Editor's Note: Senior housing and services providers will enter 2015 with many unanswered questions regarding their future. A new Republican majority in the U.S. Senate, an expanded Republican majority in the U.S. House of Representatives and the presence of Republican governors in more states will bring new perspectives to the political landscape. Controversial presidential executive orders related to immigration reform await resolution, and threatened governmental action could overturn some or all of the Affordable Care Act and the health insurance it provides to certain seniors and others. New payment models and regulations under consideration could alter the business climate for years to come. In a multi-part series, Long-Term Living takes a look at some of the top issues that those who serve older adults will face in the new year. This installment is part two. Read the entire series here, or see the digital edition of the December 2014 issue for the print version of these and related articles.
Senior housing and services providers increasingly are adapting their offerings in response to the desire of older adults to “age in place,” wherever they are. For instance, more than 70 percent of LeadingAge members are involved in home- and community-based care, says Larry Minnix, president and CEO of the organization. “I’m amazed every time I turn around and hear about somebody that has a really strong institutional base that’s now already into various kinds of home-based services,” he says. The trend even resulted in LeadingAge changing its business model, defining membership based on total service revenue rather than number of beds and apartments, Minnix says.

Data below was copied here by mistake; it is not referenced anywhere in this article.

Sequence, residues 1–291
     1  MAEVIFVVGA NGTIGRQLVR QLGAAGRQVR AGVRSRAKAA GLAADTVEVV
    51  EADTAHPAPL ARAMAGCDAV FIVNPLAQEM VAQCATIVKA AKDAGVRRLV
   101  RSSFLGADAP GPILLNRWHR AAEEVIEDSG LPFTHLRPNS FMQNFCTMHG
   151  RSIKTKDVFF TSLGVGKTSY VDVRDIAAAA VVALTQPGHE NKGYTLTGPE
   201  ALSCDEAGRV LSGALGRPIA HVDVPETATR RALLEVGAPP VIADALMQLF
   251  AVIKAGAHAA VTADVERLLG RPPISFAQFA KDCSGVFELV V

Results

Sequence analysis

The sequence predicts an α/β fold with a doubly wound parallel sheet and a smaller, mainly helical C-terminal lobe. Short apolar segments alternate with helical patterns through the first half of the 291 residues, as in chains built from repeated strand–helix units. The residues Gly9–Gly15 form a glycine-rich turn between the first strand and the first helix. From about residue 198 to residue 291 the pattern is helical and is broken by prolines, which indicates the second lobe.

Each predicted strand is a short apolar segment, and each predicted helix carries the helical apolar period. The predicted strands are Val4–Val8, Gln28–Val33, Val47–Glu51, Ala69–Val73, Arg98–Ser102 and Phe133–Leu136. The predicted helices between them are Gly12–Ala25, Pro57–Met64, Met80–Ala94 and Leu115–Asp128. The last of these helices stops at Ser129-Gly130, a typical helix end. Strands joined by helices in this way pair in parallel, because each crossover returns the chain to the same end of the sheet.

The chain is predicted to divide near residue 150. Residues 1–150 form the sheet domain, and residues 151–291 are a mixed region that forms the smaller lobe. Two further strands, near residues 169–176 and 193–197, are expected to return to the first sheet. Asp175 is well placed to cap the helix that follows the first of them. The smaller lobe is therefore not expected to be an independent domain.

Nursing home and continuing care retirement community efforts to offer services to those in the neighborhoods in which they are located are primarily local endeavors at this point, LeadingAge Senior Vice President of Public Policy and Advocacy Cheryl Phillips, MD, says. “But I think it’s going to be more and more common in the next five years, for a number of reasons,” she adds. “States are looking at ways of paying for long-term services and supports [LTSS], and healthcare systems are recognizing that if you give the services that people need in the communities that they already are living in, they tend to use fewer healthcare dollars, because their needs are met better.”
Payment for services remains a challenge for potential clients, however, Phillips says, especially for middle-income seniors who don’t qualify for Medicaid. “In the short term, we’re struggling at state levels for how to better serve these people without them having to spend down and resort to Medicaid,” Phillips says. “In the long run, we have to figure out as a country how are we going to pay for LTSS.”
LeadingAge’s Pathways project outlines seven potential ways to pay for LTSS. “We’re continuing our study into the various alternatives and what the financial implications of those are,” Minnix says. “There are solutions that are economically and politically palatable.”
Assisted living residents increasingly are seeking to age in place, too, says Maribeth Bersani, senior vice president for public policy and interim CEO of the Assisted Living Federation of America (new President and CEO James Balda is expected to begin his duties Jan. 15). “A real challenge now is making sure that all the state laws and regs allow our members who do want to care for residents through the end of life to have the opportunity to do so,” Bersani says. “And it means taking care of people who are nonambulatory, it means working with hospice and it means really paying more attention to palliative care…[and] helping people die the way they want to die.”
Assisted living residents’ wishes to age in place also means that memory care is increasingly part of communities’ service mix, in some cases changing the physical environment, Bersani says. “We are seeing an expansion of dementia providers, people taking some of their assisted living beds and turning wings or different floors into dementia care. There’s a huge need.”